Link roundup for 14 August 2010
Businesswomen strike back against religious harassment.
Google isn't cool any more -- there's more to its evil than threats against net neutrality.
The trend towards public acceptance of gay marriage seems to be accelerating; one poll now shows support over 50%. Andrew Sullivan explains why court victories, so far from provoking a backlash, have helped public opinion along by exposing the weakness of opponents' case. George Takei comments (sent by Ranch Chimp).
Conservative legal doctrine on "standing" could ironically stymie the supporters of Proposition 8.
The Catholic Church has a new set of talking points on marriage.
Arisha Michelle Hatch has some powerful reflections on racism and gay equality.
Green Eagle has another wingnut wrapup.
Rand Paul is evasive on the "Aqua Buddha" story. More here.
Politics Plus and Jack Jodell clarify the issues surrounding the Bush tax cuts.
The Village Voice looks at right-wing revolutionaries (found via Green Eagle, who proudly points to a home-state example).
Unemployment varies dramatically by level of education.
I think the proposal for a gay bar near the Ground Zero mosque (or "institute" or whatever) is a good one. If the Muslims respond with bigoted outrage, it will remove all doubt about who the bad guys are; if they don't, it will show that the mosque is probably nothing to worry about.
Many family-values-preaching right-wingers are hypocrites. Newt Gingrich is merely more blatant about it.
Les Francis explains why this year's elections won't be a re-run of 1994.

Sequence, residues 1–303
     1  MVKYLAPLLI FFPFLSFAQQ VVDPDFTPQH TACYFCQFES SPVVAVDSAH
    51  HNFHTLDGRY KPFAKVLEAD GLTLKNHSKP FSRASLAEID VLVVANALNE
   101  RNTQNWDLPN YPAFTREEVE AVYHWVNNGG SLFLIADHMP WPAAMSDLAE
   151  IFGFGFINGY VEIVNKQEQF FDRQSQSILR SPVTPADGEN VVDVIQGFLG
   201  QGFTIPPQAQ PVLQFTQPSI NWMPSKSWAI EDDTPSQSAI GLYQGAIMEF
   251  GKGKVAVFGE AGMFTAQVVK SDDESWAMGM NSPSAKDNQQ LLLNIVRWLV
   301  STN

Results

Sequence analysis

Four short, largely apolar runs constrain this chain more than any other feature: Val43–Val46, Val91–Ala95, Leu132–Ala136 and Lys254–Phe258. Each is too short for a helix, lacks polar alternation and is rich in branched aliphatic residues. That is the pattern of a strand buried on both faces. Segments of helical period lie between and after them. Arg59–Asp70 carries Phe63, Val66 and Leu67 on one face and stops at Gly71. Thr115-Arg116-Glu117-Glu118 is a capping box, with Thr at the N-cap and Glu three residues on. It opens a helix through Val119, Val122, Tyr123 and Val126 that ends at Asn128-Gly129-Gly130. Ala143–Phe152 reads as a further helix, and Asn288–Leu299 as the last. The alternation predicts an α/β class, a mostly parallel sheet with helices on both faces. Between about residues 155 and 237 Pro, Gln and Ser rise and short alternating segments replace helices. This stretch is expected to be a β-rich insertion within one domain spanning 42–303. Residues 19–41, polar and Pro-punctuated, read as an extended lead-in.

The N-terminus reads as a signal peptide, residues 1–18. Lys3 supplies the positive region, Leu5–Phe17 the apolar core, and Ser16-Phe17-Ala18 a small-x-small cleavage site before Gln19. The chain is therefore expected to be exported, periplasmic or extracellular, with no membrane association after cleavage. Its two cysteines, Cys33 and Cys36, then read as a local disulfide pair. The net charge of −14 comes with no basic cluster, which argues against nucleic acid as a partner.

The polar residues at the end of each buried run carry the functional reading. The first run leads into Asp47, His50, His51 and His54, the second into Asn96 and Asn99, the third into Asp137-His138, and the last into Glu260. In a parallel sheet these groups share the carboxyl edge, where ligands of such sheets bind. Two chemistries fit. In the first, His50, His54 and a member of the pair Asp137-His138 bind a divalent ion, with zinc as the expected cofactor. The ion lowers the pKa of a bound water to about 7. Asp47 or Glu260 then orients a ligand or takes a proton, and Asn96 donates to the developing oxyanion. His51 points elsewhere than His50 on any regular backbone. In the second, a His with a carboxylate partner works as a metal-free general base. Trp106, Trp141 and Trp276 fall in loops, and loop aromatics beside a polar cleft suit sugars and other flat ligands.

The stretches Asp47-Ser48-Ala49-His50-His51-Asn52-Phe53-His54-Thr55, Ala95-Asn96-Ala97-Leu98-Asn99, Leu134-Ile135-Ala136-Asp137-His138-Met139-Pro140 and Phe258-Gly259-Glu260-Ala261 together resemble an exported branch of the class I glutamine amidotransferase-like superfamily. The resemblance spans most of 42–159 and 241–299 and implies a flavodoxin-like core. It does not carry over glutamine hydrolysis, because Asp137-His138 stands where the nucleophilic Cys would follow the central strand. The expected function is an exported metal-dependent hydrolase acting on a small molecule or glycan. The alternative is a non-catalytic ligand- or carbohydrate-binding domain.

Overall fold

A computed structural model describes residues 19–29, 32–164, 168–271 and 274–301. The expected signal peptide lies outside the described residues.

Republicans' generic-ballot polling advantage is mostly confined to the South.
Obama could learn a political lesson from the British Conservative party, and it's not too late. Frank Rich has a slightly different take (found via Demwit).
Johann Hari celebrates the collapse of religion in Britain, but warns of the continuing threat posed by religious schools. Four Dinners comments here and I respond (see end of thread).
Austria, too, is seeing large-scale abandonment of religion.
Eastern Europe is recovering its history, but much remains to be done.
Islamotards hope that a new giant clock in Mecca will challenge GMT as the global time standard. PZ Myers has a few choice words.
Scientists at the University of South Florida say the government tried to suppress their findings on oil plumes in the Gulf of Mexico. Mother Jones has more on BP's secrets.
Having rejected evolution and anthropogenic global warming, the crackpot right is now targeting Einstein's theory of relativity. More at Politics Plus and Progressive Eruptions.
The approval of a new contraceptive shows that the FDA is getting back on track after the politicization of the Bush years.
"Biochar" could help fight global warming.
The US military is pushing to develop computers 1,000 times more powerful than today's best by 2018 (found via Mendip).
Alexandre Erler explains why the "tedium of immortality" is a non-issue.